Symposium: “Condensed Matter Physics and Optics” Monday

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Symposium: “Condensed Matter Physics and Optics”
Monday, December 20th, 2010
Program:
09.15
Welcome
Thomas A. Henzinger (President IST Austria)
09.20
Seeing electrons in one and two dimensions: optics of
carbon nanotubes and graphene
Tony F. Heinz (Columbia University, Departments of Physics
and Electrical Engineering)
10.00
Quantum optics and mesoscopic physics
Atac Imamoglu (ETH Zurich, Quantum Photonics Group)
10.40
Graphene: CERN on the desk
Mikhail I. Katsnelson (Radboud University of Nijmegen,
Institute for Molecules and Materials)
11.20
Coffee break
11.40
A single molecule approach towards biological pattern
formation
Petra Schwille (Technical University Dresden, Biophysics)
12.20
Bone: A fascinating material
Steve Weiner (Weizmann Institute of Science, Department of
Structural Biology)
13.00
Lunch
Location: Seminar Room Mondi 2 (Central Building)
Institute of Science and Technology Austria | Am Campus 1 | 3400 Klosterneuburg
Symposium: “Condensed Matter Physics and Optics”
Abstracts:
Time: 9.20
Seeing electrons in one and two dimensions: optics of carbon nanotubes and
graphene
Tony F. Heinz (Departments of Physics and Electrical Engineering, Columbia University)
Two of the most fascinating nanoscale materials to have emerged over the past several
years are based on the sp2-hybridized single layers of carbon: The one-dimensional
system of carbon nanotubes and the two-dimensional system of graphene. In addition to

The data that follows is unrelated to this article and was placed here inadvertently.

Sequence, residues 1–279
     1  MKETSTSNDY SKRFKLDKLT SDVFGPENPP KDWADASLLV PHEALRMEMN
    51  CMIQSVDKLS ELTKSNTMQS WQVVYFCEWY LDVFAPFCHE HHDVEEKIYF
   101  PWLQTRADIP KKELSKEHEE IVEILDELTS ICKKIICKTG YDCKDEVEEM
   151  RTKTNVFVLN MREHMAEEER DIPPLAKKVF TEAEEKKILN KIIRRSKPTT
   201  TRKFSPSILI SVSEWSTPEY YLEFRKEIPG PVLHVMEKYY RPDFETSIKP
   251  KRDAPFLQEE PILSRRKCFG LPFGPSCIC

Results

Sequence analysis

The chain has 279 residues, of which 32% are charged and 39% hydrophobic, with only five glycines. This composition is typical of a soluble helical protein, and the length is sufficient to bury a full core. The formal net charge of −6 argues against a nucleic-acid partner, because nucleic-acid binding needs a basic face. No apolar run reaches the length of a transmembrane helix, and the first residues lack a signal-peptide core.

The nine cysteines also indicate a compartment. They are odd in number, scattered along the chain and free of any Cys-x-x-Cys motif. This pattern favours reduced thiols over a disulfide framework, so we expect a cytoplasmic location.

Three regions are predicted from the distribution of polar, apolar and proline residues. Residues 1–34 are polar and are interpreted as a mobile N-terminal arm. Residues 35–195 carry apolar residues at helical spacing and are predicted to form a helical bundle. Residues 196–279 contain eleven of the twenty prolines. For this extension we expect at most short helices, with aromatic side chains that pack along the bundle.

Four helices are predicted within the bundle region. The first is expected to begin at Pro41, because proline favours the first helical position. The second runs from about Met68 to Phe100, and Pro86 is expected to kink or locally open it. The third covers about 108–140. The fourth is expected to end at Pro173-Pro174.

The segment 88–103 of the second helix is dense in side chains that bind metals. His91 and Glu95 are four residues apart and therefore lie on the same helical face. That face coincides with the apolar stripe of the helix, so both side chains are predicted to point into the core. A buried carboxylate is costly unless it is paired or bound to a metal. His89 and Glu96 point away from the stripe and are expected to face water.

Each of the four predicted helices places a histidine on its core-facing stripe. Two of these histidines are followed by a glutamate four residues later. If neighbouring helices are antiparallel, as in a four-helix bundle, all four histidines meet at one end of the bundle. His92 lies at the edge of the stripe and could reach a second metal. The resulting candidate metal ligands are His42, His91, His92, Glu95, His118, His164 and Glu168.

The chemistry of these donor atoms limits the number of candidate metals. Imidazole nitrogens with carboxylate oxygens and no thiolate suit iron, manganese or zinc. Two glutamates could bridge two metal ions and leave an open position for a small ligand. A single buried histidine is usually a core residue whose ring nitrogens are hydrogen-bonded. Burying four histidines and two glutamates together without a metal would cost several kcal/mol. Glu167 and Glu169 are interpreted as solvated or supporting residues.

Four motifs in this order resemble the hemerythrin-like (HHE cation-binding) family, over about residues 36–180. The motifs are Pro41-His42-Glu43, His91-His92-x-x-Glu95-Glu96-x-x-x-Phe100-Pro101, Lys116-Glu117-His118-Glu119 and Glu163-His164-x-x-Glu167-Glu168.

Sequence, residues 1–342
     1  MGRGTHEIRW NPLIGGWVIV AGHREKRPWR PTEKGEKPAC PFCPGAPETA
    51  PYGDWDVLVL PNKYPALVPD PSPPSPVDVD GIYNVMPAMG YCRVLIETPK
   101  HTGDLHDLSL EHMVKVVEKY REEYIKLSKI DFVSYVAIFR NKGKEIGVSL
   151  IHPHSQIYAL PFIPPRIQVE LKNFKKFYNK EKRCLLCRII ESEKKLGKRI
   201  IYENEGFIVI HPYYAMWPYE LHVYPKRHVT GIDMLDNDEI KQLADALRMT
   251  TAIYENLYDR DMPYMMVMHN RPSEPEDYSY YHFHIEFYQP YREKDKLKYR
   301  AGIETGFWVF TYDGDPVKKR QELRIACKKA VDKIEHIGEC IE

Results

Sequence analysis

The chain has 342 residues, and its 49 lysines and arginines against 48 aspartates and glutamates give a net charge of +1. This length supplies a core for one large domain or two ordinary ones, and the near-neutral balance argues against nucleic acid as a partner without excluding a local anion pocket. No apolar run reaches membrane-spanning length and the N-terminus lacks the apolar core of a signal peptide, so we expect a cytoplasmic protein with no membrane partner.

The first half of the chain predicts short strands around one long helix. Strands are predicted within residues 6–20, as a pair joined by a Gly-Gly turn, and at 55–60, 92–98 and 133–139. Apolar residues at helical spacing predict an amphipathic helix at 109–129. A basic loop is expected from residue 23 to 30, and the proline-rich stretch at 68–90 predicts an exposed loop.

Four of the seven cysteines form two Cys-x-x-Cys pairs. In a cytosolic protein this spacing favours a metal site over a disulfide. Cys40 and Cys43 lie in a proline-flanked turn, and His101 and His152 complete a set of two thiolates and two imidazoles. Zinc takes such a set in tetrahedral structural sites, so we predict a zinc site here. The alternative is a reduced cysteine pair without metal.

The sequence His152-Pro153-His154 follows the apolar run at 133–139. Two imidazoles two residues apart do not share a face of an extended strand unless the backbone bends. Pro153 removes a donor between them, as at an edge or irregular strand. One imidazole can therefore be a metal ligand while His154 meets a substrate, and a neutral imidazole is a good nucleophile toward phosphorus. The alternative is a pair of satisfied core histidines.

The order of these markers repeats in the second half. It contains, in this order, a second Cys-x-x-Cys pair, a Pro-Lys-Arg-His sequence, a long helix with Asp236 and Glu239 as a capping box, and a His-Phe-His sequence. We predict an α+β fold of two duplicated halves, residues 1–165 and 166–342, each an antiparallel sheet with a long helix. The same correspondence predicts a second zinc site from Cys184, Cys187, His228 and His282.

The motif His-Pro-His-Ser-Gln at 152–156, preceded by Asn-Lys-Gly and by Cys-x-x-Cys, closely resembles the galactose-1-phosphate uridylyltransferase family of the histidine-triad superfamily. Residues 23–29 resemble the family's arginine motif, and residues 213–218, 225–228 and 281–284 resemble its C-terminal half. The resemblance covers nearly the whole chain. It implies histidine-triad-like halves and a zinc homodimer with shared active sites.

the remarkable mechanical and electronic characteristics of these materials, their optical
properties are of great interest and importance for fundamental science of low dimensional
materials, for metrology, and for emerging photonic applications. We will discuss the
nature of the excited states in these distinctive systems, how they are reflected in the
optical properties of the materials, and how they can be measured experimentally.
Time: 10.00
Quantum optics and mesoscopic physics
Atac Imamoglu (ETH Zurich, Quantum Photonics Group)
Spins confined in semiconductor quantum dots offer new possibilities for realizing
quantum optical systems with unique properties. Conversely, optical measurement
techniques provide a powerful tool for studying mesoscopic condensed-matter systems.
Specific recent experiments I will discuss include the observation of photon blockade and
the optical signatures of the Kondo effect.
Institute of Science and Technology Austria | Am Campus 1 | 3400 Klosterneuburg
Symposium: “Condensed Matter Physics and Optics”
Time: 10.40
Graphene: CERN on the desk
Mikhail Katsnelson (Radboud University of Nijmegen, Institute for Molecules and
Materials)
Graphene, a recently (2004) discovered two-dimensional allotrope of carbon (this
discovery was awarded by Nobel Prize in physics 2010), has initiated a huge activity in
physics, chemistry and materials science, mainly, for three reasons. First, a peculiar
character of charge carriers in this material makes it a “CERN on the desk” allowing us to
simulate subtle and hardly achievable effects of high energy physics. Second, it is the
simplest possible membrane, an ideal testbed for statistical physics in two dimensions.
Last not least, being the first truly two-dimensional material (just one atom thick) it
promises brilliant perspectives for the next generation of electronics which uses mainly
only surface of materials. I will tell about the first aspect of the graphene physics, some
unexpected relations between materials science and quantum field theory and high-energy
physics.
Electrons and holes in this material have properties similar to ultrarelativistic particles (twodimensional analog of massless Dirac fermions). This leads to some unusual and even
counterintuitive phenomena, such as finite conductivity in the limit of zero charge carrier
concentration (quantum transport by evanescent waves) or transmission of electrons
through high and broad poential barriers with a high probability (Klein tunneling). This
allows to study subtle effects of relativistic quantum mechanics and quantum field theory in